Media, History of
MEDIA, HISTORY OF.
The term media history is almost a tautology when the historic is distinguished from the prehistoric by the presence of recording media. History is always already mediated. A distinct domain of historiography whose object is human communication technologies will to this extent always be tempted to assimilate all human history to itself. Among late-twentieth-and early-twenty-first-century media historians, this principle has advanced to the stage at which alternative programs for understanding human activity—terms such as society, culture, economy, and power—appear as either abstractions lacking the empirical bases of media and mediation, or as derivatives of them. Media history, it can be argued, explains society, culture, and politics better than those concepts explain media.
The most common periodization employed distinguishes at the minimum oral and literate phases, indicating that oral communication (along with gesture, dance, potlatch, and other features of orality) are to be included as media. Aristotle's definition of the human being as the zoon politikon clearly regards humans as properly belonging to a polis or community, but also indicates that humans are distinguished by communication since, as Claude Lévi-Strauss was at pains to demonstrate, and as the Latin etymologies suggest, there can be no conception of a community without communication, and vice versa. To this extent media history must be one of the central disciplines of the human sciences, embracing not only literary and linguistic studies, but sociology, political science, economics, and the discipline of history itself.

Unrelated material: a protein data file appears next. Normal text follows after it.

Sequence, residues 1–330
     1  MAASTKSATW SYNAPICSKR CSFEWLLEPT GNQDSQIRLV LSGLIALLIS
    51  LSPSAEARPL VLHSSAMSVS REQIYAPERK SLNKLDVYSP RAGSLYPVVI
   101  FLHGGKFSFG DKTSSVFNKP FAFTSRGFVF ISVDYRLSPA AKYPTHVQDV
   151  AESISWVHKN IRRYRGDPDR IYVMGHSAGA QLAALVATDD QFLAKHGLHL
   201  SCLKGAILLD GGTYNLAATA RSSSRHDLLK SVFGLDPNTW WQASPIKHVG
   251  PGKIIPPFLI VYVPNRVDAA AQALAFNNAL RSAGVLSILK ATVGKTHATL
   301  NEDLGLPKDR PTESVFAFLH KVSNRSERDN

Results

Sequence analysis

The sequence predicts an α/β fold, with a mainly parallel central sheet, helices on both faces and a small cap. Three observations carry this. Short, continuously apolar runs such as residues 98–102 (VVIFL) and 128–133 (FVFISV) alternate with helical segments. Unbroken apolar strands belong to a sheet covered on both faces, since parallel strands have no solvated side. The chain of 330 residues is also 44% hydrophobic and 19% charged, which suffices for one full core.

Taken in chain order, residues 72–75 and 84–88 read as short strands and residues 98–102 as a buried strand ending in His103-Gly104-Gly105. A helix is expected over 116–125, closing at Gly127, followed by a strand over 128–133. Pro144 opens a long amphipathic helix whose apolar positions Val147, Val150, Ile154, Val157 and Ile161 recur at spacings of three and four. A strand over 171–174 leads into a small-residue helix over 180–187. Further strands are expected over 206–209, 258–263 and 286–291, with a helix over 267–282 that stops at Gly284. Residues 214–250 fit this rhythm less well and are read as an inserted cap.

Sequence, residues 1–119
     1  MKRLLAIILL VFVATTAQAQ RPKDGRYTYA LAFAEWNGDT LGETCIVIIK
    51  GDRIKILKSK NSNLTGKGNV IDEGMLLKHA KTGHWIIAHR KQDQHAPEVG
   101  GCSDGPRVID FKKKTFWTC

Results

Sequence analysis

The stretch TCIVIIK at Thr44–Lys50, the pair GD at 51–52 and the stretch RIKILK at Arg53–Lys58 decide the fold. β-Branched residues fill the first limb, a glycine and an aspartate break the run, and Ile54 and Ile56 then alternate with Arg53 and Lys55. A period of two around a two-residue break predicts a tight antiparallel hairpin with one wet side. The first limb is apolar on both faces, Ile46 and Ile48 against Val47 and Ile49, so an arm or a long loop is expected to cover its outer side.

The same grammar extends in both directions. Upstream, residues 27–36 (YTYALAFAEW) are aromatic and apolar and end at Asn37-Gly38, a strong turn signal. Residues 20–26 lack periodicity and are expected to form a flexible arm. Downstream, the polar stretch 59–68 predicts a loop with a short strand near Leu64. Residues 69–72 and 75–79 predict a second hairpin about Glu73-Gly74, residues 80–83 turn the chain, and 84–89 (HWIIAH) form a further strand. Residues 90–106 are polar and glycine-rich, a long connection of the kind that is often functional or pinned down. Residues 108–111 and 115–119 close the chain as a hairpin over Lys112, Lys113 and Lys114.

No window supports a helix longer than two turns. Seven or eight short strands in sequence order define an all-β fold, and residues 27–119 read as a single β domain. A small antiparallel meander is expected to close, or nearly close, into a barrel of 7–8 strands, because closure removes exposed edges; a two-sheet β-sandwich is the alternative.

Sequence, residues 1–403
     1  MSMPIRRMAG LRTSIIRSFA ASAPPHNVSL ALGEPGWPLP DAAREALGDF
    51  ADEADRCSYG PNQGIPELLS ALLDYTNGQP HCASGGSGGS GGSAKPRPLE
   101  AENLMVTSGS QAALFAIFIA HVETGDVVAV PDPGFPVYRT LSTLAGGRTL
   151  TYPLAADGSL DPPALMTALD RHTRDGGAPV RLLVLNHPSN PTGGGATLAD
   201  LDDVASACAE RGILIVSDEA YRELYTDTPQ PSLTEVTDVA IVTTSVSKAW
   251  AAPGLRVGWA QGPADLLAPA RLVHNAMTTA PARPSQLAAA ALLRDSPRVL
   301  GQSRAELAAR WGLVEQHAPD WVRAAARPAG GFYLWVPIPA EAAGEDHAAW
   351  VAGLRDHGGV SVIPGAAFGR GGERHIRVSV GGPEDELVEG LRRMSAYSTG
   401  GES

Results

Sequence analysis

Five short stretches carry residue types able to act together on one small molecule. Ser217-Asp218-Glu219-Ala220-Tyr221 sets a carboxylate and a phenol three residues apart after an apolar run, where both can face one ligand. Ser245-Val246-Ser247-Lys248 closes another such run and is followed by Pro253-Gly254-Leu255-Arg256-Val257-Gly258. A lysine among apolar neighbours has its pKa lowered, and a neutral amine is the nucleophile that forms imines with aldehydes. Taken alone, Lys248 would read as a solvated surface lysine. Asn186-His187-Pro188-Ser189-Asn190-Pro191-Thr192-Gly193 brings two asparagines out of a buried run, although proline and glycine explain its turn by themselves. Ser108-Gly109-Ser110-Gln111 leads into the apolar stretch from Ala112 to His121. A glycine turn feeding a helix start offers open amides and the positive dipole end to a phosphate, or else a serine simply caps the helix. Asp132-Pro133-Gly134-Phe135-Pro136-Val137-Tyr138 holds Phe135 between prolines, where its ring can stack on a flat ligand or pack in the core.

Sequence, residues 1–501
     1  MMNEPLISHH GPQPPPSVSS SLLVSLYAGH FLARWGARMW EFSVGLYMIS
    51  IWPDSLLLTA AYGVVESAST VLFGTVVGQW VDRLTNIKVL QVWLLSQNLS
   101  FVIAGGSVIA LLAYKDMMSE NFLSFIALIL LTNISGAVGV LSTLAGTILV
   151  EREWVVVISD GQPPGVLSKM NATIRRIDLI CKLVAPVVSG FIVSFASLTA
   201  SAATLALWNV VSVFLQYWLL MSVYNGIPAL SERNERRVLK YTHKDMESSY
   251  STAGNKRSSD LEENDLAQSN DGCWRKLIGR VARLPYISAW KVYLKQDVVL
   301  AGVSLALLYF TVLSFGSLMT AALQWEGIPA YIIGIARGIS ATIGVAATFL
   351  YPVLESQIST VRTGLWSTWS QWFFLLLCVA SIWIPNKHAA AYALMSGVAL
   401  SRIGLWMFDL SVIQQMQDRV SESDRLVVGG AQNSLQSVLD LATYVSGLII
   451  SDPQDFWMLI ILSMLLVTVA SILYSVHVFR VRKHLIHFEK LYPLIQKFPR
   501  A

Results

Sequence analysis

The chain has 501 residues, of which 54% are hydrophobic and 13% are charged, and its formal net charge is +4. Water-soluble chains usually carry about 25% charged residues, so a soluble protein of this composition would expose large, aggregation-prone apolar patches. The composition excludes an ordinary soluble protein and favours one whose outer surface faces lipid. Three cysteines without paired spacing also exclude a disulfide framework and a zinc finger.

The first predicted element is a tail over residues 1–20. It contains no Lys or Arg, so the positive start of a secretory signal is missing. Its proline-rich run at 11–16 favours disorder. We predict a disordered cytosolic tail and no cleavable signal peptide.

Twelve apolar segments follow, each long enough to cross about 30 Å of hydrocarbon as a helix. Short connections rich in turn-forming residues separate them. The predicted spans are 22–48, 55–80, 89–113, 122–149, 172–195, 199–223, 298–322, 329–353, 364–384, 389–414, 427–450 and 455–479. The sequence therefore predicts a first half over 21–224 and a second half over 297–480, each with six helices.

The story of media history is the tale of the long struggle for existence of a materialist understanding of human interaction. The central challenge has been (and remains) the task of shedding idealist conceptualizations like society and culture in favor of tracing the embodied forms in which they are constructed and lived. However, this project is hampered by the sheer scope of the enterprise. The practice of media history takes two major forms: the macroscopic address to the vast accumulation of human media artifacts on the one hand, and detailed investigations of specific conjunctures in the history of specific media on the other. The former is constantly plagued by the temptation of vast generalization, the latter constrained to merely local findings whose contribution to a general theory of media history is therefore rarely clear.